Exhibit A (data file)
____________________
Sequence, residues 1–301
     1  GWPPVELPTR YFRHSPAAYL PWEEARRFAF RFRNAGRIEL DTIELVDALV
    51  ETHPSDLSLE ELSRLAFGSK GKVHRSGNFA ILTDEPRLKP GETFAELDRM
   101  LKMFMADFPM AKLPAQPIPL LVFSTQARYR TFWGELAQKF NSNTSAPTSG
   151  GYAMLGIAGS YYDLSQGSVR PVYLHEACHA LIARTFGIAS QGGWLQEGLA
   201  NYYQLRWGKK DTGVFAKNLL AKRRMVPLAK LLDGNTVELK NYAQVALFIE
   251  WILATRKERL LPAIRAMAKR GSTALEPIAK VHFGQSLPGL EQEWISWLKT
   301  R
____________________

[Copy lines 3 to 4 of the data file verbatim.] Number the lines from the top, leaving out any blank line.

    51  ETHPSDLSLE ELSRLAFGSK GKVHRSGNFA ILTDEPRLKP GETFAELDRM
   101  LKMFMADFPM AKLPAQPIPL LVFSTQARYR TFWGELAQKF NSNTSAPTSG